Wading through California’s coffee-cancer controversy

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California might soon start requiring Starbucks to warn its customers that coffee causes cancer. Has California gone nuts, or is there something to this?

[B]rewing hot coffee produces acrylamide, which is on a list of substances that California claims cause cancer or reproductive toxicity. (It’s a very long list.)

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It turns out the evidence against acrylamide is pretty sketchy. If you give it to mice in the lab, at doses 1000 times greater than the amounts found in food, it does seem to increase their risk of cancer. But mice are not people, and 1000 times is a whole lot of acrylamide. The ACS concludes that “it’s not yet clear if acrylamide affects cancer risk in people.” It’s just as easy to find claims that coffee prevents cancer. A 2017 review found that one cup of coffee a day is associated with a slight reduction in the risk of liver cancer and endometrial cancer.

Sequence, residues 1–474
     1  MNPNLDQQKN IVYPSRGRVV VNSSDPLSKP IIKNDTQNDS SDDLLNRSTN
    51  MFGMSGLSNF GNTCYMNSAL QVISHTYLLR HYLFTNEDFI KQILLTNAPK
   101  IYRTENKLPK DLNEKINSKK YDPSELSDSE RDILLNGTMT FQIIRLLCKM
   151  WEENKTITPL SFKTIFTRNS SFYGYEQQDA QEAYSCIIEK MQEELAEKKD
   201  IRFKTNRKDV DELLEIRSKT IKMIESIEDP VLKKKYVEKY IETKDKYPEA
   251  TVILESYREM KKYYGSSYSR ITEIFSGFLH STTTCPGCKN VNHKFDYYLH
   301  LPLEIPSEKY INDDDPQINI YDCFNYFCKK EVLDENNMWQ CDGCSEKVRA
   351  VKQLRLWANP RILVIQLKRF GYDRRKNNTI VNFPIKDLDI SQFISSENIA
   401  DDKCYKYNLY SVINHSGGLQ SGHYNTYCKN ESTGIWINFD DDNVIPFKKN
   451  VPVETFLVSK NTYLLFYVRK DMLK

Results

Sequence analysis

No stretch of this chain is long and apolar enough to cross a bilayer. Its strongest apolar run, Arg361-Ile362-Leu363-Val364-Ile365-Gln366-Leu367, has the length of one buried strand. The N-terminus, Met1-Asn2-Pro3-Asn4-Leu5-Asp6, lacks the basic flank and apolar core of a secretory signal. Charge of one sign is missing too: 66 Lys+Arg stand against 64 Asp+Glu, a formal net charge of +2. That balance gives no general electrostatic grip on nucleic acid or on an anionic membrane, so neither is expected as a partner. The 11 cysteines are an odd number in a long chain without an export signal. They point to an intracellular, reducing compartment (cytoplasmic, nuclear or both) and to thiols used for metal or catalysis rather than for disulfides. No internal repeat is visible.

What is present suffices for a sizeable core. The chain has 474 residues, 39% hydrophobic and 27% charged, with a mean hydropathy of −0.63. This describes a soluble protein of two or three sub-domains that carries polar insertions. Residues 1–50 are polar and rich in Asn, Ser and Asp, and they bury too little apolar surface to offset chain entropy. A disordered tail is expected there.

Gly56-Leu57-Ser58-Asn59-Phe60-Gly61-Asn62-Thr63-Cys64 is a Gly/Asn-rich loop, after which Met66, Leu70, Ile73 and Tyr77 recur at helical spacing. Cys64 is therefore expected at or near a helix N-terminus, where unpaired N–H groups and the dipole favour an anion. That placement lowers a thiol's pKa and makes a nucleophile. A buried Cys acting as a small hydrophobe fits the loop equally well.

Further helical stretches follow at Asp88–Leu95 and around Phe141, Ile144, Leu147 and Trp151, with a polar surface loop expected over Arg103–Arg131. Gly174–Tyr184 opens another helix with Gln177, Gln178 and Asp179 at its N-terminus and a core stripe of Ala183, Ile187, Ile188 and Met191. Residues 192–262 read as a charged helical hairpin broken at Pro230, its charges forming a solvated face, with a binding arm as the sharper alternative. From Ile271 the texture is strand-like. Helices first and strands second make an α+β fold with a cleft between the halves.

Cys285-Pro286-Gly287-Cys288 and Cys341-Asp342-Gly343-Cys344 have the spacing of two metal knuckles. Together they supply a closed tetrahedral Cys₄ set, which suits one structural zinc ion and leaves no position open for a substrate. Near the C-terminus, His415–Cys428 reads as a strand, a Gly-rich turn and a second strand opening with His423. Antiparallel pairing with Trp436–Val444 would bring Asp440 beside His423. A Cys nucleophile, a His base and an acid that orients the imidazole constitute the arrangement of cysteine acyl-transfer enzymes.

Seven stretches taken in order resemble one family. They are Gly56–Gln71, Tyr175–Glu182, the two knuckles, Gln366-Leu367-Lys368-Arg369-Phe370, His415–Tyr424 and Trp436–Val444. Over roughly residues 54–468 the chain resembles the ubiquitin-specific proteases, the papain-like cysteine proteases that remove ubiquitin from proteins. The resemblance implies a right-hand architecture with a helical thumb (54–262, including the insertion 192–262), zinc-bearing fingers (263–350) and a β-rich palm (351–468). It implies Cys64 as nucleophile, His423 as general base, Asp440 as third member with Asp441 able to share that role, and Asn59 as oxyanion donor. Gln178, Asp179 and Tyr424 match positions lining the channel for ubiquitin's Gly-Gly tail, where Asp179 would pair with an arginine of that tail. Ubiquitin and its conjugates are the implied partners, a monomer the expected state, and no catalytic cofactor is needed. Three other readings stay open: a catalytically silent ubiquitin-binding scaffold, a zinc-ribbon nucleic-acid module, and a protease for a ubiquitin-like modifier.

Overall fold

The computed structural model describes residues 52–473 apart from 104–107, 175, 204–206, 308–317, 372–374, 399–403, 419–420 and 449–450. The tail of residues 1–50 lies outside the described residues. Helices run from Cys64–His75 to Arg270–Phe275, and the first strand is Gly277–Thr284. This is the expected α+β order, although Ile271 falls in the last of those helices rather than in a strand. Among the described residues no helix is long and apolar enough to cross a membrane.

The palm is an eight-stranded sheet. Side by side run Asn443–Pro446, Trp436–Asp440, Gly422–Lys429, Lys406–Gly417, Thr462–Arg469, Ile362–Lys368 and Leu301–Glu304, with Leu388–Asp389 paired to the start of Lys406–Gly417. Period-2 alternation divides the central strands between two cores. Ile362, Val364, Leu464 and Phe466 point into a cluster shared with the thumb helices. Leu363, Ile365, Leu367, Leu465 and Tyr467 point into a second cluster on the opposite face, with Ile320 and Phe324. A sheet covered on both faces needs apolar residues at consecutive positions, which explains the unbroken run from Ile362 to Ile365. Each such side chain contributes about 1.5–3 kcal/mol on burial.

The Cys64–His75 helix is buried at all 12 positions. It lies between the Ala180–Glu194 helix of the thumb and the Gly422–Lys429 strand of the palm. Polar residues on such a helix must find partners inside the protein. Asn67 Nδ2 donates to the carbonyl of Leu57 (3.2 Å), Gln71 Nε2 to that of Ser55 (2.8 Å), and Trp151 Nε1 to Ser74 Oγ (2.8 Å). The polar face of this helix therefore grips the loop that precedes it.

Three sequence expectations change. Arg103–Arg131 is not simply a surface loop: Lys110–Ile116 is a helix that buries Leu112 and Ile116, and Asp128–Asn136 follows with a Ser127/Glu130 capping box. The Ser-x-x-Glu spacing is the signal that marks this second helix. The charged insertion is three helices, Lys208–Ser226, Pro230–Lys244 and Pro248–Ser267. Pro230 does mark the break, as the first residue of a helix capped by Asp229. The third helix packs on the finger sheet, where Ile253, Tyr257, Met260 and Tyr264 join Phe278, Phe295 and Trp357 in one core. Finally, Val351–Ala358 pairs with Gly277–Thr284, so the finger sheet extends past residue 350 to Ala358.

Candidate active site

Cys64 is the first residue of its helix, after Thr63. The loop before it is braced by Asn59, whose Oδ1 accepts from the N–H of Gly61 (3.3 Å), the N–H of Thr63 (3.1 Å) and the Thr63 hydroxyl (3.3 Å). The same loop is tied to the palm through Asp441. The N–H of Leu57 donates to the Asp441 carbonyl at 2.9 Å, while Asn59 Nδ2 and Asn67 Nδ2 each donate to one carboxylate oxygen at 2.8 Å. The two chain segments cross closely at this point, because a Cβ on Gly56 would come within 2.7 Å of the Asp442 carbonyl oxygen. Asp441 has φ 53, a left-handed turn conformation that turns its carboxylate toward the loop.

Finally, in answer to my own question at the top of this article: yes, California has gone a bit nuts. Or, as the nonprofit American Council on Science and Health put it: “If coffee is deemed carcinogenic, then the State of California will be required to give up all pretense at common sense and sanity.”

Editor’s note: Steven Salzberg is a professor of biomedical engineering, computer science, and biostatistics at Johns Hopkins University

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Read full, original post: Coffee Causes Cancer. Coffee Prevents Cancer. Wait, What?

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